Anthem Participates in Bipartisan HELP Committee Hearing on Stabilization of the Individual Market
On Thursday, September 14, Robert Ruiz-Moss, Vice President of Individual Business at Anthem, testified before the Senate Health, Education, Labor and Pensions (HELP) Committee as part of a series of four bipartisan Congressional hearings on the individual market. Below are his opening remarks outlining both short and long-term actions needed to stabilize the individual health insurance market, and the written testimony can be viewed here.
Chairman Alexander, Ranking Member Murray, and members of the Committee, I am Robert Ruiz-Moss, Vice President of Individual Business at Anthem.
It is a privilege to appear before you today to share Anthem’s recommendations on how we can work together to bring stability to the individual health insurance market and promote our common goal of making high quality, more affordable health care accessible for all.
Based on Anthem’s vast experience and expertise, we feel uniquely positioned to offer our perspective. For more than 75 years, we have been focused on caring for America’s health – a responsibility we take seriously – and today, we continue that focus through our service to 74 million Americans.
Anthem has participated in the ACA exchanges since their inception, and has continued to offer coverage even as many competitors have withdrawn. Unfortunately, the underlying lack of stability in the markets has led to difficult decisions regarding Anthem’s participation next year.
We must come together to address this challenge, and these hearings are a great step forward.
Our experience has shown us that three fundamental considerations are necessary to ensure a viable insurance market:
- First: a balanced risk pool. Today, too few healthy individuals are enrolling in coverage, and many are doing so only when they require services, quickly dropping the coverage when it is no longer needed. Nearly 20 percent of Anthem individual market members maintained coverage for six months or less last year.
- Second: a predictable and stable regulatory environment. The rules governing the individual market need to stabilize so consumers know what to expect, and so health plans, providers and consumers can plan effectively.
- And third: predictable government financing. To ensure the individual market provides affordable options for consumers, premium assistance and cost-sharing reduction funding must be predictable and reliable.
With open enrollment beginning November 1st, the need for swift action is clear. To improve the stability of the individual market in 2018, there are legislative and regulatory changes that, if made quickly, could improve the individual market environment for consumers next year.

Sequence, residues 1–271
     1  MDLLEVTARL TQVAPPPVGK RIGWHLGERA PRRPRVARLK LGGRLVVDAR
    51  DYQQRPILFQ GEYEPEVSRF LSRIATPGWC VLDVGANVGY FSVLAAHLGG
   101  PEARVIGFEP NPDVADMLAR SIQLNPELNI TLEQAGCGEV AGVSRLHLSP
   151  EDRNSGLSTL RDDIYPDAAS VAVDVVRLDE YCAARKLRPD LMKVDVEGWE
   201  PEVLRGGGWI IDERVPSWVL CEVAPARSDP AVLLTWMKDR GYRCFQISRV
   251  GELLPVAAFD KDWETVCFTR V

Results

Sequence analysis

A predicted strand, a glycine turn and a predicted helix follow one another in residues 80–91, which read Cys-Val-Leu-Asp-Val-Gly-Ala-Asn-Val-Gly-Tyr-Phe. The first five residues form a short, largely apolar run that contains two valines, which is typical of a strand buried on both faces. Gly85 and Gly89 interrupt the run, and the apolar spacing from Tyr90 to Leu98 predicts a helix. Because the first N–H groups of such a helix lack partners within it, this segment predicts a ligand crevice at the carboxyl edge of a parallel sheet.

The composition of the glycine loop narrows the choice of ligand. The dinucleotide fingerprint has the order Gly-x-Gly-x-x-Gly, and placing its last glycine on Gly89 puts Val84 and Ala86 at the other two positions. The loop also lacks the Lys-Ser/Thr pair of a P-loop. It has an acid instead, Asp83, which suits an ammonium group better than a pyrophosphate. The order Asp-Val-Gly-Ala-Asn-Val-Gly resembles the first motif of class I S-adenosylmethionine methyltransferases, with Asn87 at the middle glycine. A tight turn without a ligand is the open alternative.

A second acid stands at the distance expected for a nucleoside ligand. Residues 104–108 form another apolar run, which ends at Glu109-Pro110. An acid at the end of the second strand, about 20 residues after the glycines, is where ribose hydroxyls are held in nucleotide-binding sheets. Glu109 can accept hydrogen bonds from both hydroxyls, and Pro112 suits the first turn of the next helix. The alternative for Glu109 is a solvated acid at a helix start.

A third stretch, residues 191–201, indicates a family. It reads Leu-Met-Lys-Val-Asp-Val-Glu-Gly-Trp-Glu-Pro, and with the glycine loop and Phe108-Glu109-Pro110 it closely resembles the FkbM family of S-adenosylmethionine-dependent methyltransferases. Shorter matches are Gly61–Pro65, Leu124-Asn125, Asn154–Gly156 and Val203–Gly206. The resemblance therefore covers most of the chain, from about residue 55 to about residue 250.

- The first step is funding certainty for CSR subsidies. CSRs play a pivotal role in ensuring more affordable access to health care for low-income consumers. If CSRs are ended, the CBO predicts that premiums for silver exchange plans will jump nearly 20 percent, driving people to forgo coverage, and costing the federal government $2.3 billion more in fiscal year 2018.
- The second step is repealing the health insurance tax. The moratorium on the health insurance tax ends at the close of 2017. If reinstated, this tax will result in premium increases for consumers between three and five percent.
- The third step is market stability funding. For the individual market to find its footing, it is critical that consumers have affordable options. Federal reinsurance would enhance coverage affordability for all, and maintain access for individuals with high-cost needs.
- The fourth step is to ensure continuous coverage provisions. Sufficient measures must be in place – and enforced – to encourage healthy individuals to purchase and maintain coverage.
All of these steps will help address the short-term instability undermining individual health insurance markets.
However, these steps alone will not solve all the challenges facing the individual market. Given the layers of federal and state regulation covering the individual market, additional actions need to be taken to ensure long-term stability. My written testimony includes a number of recommendations, but I would highlight one in particular that Anthem encourages the committee to pursue: improving the Section 1332 waiver process, which enables states to implement innovative programs.
It’s also important to note that market instability is only a symptom of the disease facing our health care system, which is the rising cost of care.
The cost of health care is simply too expensive and continues to rise at an unsustainable rate, which is the true impediment to ensuring all Americans have access to high quality, affordable coverage. Anthem is committed to working with this Committee and other policymakers to advance solutions to this crisis and continue to bend the cost curve.
We stand at a challenging moment, but we are confident that our collective efforts can bring about meaningful improvements for health care consumers.
Thank you for the opportunity to testify today. I look forward to your questions.